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Spreading one's own impression can hurt national interest: Nirmala Sitharaman to Rahul Bajaj

Rahul Bajaj's comment on lack of freedom drew responses from many union ministers including Nirmala Sitharaman, Piyush Goyal, Hardeep Puri and others.

Published: 02nd December 2019 04:30 PM  |   Last Updated: 02nd December 2019 05:05 PM   |  A+A-

Finance Minister Nirmala Sitharaman, Rahul Bajaj (Photos | PTI)

Finance Minister Nirmala Sitharaman, Rahul Bajaj (Photos | PTI)

By PTI

NEW DELHI: Finance Minister Nirmala Sitharaman has responded to industrialist Rahul Bajaj's statement that India Inc was afraid of criticising the Narendra Modi government, saying spreading one's own impression "can hurt national interest" - a remark that drew sharp reactions on social media.

At The Economic Times' ET Awards event in Mumbai on Saturday evening, Bajaj, chairman of Bajaj Group, had told Sitharaman, Home Minister Amit Shah and Railway Minister Piyush Goyal on dias that people are afraid of criticising the BJP government's policies and added that no one in the business community would speak about this issue.

Shah had responded to him saying there is "no need to fear about anything. The Narendra Modi government has been criticised continuously in media. But, if you are saying that there is such an environment, we need to work to improve this."

Bajaj found support in Biocon chairperson Kiran Mazumdar Shaw who said the government treated India Inc as "pariahs" and doesn't want to hear any criticism of the economy.

"Hope the govt reaches out to India inc for working out solutions to revive consumption n growth.    So far we are all pariahs n govt does not want to hear any criticism of our economy," she tweeted on Sunday evening.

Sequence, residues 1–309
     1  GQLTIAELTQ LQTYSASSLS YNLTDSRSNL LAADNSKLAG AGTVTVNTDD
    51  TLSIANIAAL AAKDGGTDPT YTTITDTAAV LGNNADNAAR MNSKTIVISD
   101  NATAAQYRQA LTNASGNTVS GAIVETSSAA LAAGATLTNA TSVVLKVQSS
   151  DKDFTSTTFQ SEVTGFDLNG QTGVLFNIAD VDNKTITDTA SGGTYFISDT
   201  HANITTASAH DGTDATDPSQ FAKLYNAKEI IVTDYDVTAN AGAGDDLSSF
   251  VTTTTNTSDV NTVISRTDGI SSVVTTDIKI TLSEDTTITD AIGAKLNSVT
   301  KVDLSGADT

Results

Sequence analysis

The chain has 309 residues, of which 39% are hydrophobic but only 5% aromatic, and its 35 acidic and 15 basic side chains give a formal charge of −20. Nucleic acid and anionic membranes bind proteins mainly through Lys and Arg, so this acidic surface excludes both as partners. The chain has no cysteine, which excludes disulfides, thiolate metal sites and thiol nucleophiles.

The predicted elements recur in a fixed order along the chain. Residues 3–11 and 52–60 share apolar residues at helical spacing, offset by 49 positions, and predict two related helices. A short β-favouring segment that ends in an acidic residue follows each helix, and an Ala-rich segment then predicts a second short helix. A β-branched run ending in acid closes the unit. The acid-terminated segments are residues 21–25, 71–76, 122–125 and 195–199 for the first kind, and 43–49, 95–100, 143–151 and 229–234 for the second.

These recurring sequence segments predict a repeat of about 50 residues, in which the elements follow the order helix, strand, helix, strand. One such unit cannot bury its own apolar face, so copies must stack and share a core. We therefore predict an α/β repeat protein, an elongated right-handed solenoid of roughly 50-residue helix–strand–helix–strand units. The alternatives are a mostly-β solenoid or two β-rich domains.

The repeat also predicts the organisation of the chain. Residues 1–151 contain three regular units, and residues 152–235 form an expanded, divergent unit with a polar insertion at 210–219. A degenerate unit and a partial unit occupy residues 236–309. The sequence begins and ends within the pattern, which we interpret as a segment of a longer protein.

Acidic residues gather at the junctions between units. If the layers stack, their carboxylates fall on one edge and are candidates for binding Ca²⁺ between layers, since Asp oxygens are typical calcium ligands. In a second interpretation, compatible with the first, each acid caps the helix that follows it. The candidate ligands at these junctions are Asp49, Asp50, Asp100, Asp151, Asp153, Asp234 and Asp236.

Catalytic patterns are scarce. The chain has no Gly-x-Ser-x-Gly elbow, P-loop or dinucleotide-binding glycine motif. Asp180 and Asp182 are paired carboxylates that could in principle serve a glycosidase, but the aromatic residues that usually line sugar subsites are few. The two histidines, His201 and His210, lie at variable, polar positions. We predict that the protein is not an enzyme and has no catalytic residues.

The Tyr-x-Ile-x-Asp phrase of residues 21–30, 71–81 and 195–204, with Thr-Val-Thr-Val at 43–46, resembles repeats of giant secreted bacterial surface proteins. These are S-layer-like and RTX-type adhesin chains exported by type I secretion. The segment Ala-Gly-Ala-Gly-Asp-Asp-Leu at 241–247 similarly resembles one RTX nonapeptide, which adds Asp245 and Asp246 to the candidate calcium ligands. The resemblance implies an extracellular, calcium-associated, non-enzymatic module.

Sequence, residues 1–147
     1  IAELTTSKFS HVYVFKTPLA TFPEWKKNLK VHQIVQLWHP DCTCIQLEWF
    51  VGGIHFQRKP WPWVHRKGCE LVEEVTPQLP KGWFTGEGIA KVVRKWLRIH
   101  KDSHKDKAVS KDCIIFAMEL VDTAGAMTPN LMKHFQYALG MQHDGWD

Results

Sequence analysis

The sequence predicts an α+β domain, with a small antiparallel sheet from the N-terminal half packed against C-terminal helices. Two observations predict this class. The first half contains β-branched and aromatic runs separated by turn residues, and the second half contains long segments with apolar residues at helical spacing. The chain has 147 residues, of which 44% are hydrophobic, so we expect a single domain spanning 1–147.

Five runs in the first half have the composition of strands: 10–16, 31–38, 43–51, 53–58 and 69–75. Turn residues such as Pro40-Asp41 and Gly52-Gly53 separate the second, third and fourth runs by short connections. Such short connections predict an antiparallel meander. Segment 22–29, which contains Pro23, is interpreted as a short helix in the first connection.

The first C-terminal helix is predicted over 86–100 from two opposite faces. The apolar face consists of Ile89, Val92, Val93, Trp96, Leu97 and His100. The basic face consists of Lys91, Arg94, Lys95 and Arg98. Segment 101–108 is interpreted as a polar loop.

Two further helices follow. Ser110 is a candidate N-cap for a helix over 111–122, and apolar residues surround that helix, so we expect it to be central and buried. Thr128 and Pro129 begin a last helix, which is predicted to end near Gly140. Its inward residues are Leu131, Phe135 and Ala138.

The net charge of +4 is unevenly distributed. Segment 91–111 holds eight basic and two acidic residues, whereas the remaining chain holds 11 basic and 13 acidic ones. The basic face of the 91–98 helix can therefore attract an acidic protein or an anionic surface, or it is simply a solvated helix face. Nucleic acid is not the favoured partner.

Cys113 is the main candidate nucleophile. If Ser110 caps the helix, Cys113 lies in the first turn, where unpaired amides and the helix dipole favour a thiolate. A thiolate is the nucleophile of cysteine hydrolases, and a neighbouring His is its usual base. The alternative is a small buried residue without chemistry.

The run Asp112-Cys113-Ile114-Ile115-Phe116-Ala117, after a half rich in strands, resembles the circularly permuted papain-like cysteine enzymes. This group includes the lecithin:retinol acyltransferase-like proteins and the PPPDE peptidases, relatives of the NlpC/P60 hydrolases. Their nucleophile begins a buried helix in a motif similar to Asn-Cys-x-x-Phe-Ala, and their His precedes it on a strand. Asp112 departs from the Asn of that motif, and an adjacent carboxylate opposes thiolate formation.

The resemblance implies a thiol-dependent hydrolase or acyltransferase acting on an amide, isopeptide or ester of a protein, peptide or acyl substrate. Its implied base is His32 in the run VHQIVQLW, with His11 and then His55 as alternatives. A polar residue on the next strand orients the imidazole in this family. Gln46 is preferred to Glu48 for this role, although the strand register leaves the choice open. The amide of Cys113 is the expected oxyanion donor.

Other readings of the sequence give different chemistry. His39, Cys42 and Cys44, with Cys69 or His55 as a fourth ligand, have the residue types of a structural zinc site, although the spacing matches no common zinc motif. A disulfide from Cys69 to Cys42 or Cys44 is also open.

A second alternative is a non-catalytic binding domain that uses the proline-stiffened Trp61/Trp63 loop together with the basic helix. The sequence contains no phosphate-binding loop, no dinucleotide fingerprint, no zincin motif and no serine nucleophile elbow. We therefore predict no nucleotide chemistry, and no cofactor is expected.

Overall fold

Soon after, Sitharaman tweeted a video of the ET event to say: "Home Minister @AmitShah answers on how issues raised by Shri. Rahul Bajaj were addressed. Questions/criticisms are heard and answered/addressed."

"Always a better way to seek an answer than spreading one's own impressions which, on gaining traction, can hurt national interest," she said.

Her remarks drew varied responses with the opposition Congress seizing on it to criticise the government.

Congress leader and former union minister Kapil Sibal said: "Rahul Bajaj only said: Industry fears to criticise government."

"Does national interest lie in praising you!," he tweeted.

ALSO READ: Bajaj Auto sales marginally down to 4.03 lakh units in November 2019

His party spokesperson Salman Anees Soz said that "Only an insecure, incompetent, and intolerant government will stoop so low as to characterize government criticism as against the national interest."

Defending the government, Civil Aviation Minister Hardeep Singh Puri alleged there were fake narratives.

"That Mr Rahul Bajaj could stand up to Sh @AmitShah Ji's face, express himself freely & instigate others to join him clearly indicate that freedom of expression & democratic values are alive & flourishing in India. This is exactly what democracy is all about," he tweeted.

Minister of Railways and Commerce Piyush Goyal referred to Shah's response to Bajaj's remarks to say there is no fear.

"See Home Minister @amitshah respond to Rahul Bajaj's claim that people are afraid to express themselves. After hearing your question I doubt anybody believes this claim that people are afraid," he tweeted.

A day before the ET event, former Prime Minister Manmohan Singh had stated that many industrialists have told him they lived in fear of harassment by government authorities.

Delivering the valedictory speech at the National Economy Conclave, Singh had on Friday warned: "There is a palpable climate of fear in our society today. Many industrialists tell me they live in fear of harassment by government authorities. 

"Bankers are reluctant to make new loans, for fear of retribution. 

"Entrepreneurs are hesitant to put up fresh projects, for fear of failure attributed to ulterior motives. 

"Technology start-ups that are an important new engine of economic growth and jobs, seem to live under a shadow of constant surveillance and deep suspicion."



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